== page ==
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Bill Geist
April 16, 2001
The author and his son may have bonded on the golf course, but it wasn't over their love of the game
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April 16, 2001

Pop Culture

The author and his son may have bonded on the golf course, but it wasn't over their love of the game

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"But, but...," I sputtered, "we don't really know how to play. We'll just hold you up."

"No problem," said the perfectly polite man, possibly Chad. "We don't mind at all."

I hate that! Good golfers are always deigning to spout that kind of good-sport, patronizing poppycock. Or do golfers actually take fiendish enjoyment in watching others struggle more than they?

The best Willie and I could hope for was that they were all-show, no-go or that at least the attractive young woman would be somewhat awful. Or not wearing underwear. Something! Unfortunately this was the type of woman who probably wore two sets, and moreover, she went first and hit a long, looong, straight-straight, perfect-perfect drive, which her charming husband matched.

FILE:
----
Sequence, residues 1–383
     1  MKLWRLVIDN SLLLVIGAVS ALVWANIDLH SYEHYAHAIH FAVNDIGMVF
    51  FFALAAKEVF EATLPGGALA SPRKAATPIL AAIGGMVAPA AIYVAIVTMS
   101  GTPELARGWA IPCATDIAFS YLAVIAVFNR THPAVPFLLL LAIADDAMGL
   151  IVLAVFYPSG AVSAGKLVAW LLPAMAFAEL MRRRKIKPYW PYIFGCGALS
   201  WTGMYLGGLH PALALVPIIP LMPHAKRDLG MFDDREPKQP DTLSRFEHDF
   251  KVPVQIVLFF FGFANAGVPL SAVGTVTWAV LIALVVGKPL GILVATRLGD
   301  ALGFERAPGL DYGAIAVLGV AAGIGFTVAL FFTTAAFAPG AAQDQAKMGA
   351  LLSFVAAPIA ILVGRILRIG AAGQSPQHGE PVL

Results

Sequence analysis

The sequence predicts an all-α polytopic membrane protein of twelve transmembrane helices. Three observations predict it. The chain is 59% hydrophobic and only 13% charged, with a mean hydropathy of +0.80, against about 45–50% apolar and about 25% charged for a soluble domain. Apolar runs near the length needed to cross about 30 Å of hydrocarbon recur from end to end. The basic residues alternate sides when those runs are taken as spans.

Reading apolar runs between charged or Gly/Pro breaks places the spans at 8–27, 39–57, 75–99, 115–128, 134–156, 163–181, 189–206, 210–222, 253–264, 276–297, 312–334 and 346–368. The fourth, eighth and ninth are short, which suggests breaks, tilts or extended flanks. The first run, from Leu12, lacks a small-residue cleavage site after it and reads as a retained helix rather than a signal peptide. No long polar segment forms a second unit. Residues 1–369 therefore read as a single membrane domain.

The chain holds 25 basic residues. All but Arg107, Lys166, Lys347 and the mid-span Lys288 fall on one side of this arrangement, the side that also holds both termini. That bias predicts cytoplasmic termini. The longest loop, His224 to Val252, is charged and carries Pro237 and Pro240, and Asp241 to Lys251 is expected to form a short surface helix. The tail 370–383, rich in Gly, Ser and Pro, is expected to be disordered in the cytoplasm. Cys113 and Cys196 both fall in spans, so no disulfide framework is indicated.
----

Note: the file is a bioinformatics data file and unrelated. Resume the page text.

"Oh, boy," I said, sotto voce to my son, who I could tell wanted very badly to leave. I suppose I should have said something genteel like, "I'm sorry, my son has diarrhea," and begged off. "I think it was the lobster fra diavolo."

But in my state of shock I walked almost comatose to the tee and looked calmly down the fairway, for a moment thinking that just maybe, if I pretended to be one of them, I'd hit the ball as they had.

In sports it's called visualization, and it can work, sports psychologists agree. So I stepped up confidently, struck the ball, and you know what? In baseball it would have been a nice line-shot single over the shortstop. Maybe things got mixed up in the Visualization Department in my brain; maybe my visualization papers were filed under the wrong sport. My line-shot baseball hit was a line-shot golf hook into the bushes. And you know what? Willie matched my drive, which I found to be very considerate of my son.

We began beating the bushes with our clubs, but it was Chad who spotted our balls. We emerged from the thicket bowed and bleeding and pleading with the lovely couple to play on without us. But they stayed with us for several holes, probably on the same principle that you don't just stay for five minutes when you do volunteer work at the old-folks' home. Finally they realized that we might not finish before dark and bid us adieu.

At the next tee a charming older woman came over and raved about the Sunday Morning television program that I'm part of, then she and her partner teed off. It was a par-3 hole, so we waited until they were on the green before we hit our drives.

Somehow—somehow—my ball took off for distance, and somehow—somehow—directly at the green.

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